Please leave a comment below if you have any questions or contact me directly.  And, of course never discontinue a medication unless consulting your physician or medical provider.

This is just about the time when I’m starting to crave some delicious clean eating grilled chicken! Especially after all the indulgences of holidays!  January is known as diet month ~ but this is anything but “diet” food.  Try not to associate food with the stigma of dieting.  When you do that is when you start craving foods that you know aren’t good for you.  Eat well and eat clean and you’ll never have to “diet.”  This chicken is not only clean but flavorful and light!  We enjoyed this last night along with some grilled asparagus and a big green salad.  It was cold and rainy last night but I was still fired up the grill.  Of course, you can use a grill pan for the stove top if you don’t want to venture out in the cold.   I usually grill year round if the grill isn’t covered in 3 feet of snow!  It’s a favorite grilled chicken amongst my clients as well. Try it and let me know what you think by leaving a comment below.   

Stacey’s Marinated Grilled Chicken

2.25 lbs Boneless Organic Chicken Breasts (trimmed/cleaned and sliced about 1/2″ thick)

Marinade for Chicken:
1/2 cup Fresh Basil – chopped
1 tbs Country Dijon Mustard
4 cloves Garlic – finely grated
2 tbs Raw Honey – optional
1/4 cup Extra Virgin Olive Oil
3 tbsp Balsamic Vinegar
1/2 tsp Himilayan Pink Salt

2 cups Grape Tomatoes (quartered or chopped)
1/4 tsp Garlic – finely grated (microplane works great)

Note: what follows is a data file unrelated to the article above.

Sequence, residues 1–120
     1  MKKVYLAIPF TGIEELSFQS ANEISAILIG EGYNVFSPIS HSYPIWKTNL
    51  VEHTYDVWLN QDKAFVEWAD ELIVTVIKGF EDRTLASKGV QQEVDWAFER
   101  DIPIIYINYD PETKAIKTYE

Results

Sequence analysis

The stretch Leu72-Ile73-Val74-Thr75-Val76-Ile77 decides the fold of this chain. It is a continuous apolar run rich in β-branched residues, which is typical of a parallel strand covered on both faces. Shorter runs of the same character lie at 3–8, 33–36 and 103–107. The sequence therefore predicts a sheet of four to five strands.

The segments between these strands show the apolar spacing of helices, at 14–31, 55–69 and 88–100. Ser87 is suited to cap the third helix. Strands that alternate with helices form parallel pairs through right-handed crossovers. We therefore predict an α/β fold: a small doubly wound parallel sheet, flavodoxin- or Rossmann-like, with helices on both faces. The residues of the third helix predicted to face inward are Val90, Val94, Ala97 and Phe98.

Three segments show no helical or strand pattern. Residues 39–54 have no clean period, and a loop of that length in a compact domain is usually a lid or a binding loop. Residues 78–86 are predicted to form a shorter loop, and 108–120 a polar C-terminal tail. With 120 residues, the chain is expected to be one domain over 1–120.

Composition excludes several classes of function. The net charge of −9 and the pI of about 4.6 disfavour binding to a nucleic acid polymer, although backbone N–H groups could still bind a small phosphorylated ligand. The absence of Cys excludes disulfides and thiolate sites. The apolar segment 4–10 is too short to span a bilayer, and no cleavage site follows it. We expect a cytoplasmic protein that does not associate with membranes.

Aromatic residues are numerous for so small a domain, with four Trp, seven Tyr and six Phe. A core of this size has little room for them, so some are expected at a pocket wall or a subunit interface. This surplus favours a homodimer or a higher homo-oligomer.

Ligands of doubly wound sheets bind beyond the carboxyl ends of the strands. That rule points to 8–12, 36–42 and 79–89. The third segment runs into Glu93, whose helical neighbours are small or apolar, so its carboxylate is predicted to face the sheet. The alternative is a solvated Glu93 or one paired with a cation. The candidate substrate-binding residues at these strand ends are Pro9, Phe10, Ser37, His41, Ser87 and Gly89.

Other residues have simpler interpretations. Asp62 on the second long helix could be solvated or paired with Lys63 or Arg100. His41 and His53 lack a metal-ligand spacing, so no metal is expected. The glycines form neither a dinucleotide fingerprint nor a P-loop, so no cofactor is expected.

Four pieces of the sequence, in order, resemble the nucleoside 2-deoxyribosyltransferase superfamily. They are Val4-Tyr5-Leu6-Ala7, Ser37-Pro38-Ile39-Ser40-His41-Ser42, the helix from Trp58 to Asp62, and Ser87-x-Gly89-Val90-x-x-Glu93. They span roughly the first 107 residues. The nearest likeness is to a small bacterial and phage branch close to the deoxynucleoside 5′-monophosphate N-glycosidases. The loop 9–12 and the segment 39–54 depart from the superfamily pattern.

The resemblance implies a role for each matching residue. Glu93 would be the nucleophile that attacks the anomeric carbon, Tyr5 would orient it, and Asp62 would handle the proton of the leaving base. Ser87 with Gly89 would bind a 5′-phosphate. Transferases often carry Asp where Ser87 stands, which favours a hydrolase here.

6 leaves Fresh Basil (chopped)
1/2 tsp Oregano
1/8 tsp Himilayan Pink Salt
3 tbs Extra Virgin Olive Oil
2 tsp Balsamic Vinegar

Mix the ingredients for the marinade. Marinate the chicken for about a 1/2 hour making sure all the chicken has been coated.
Meanwhile, prepare the the bruschetta and let it sit in a separate bowl until ready to serve.
Preheat your grill on high. Place chicken on grill over high heat and lower just a bit. Grill chicken approximately 2 minutes each side (depending on the thickness) – not turning until it’s ready to turn which prevents sticking to the grill. You can 1/4 turn the chicken mid way (on the second side) if you like the criss-cross grill marks.
Let sit for approximately 10 minutes before serving. Top with bruschetta.

The key to having a juicy grilled chicken is not overcooking it. You can tell when it’s ready when the chicken still has a little tenderness but firm when touched but not jiggly or rubbery. Not turning it over and over also prevents the juices from escaping so be patient. Start with a nice clean grill as well as oiling it a little. Chicken should reach an internal temperature of 165.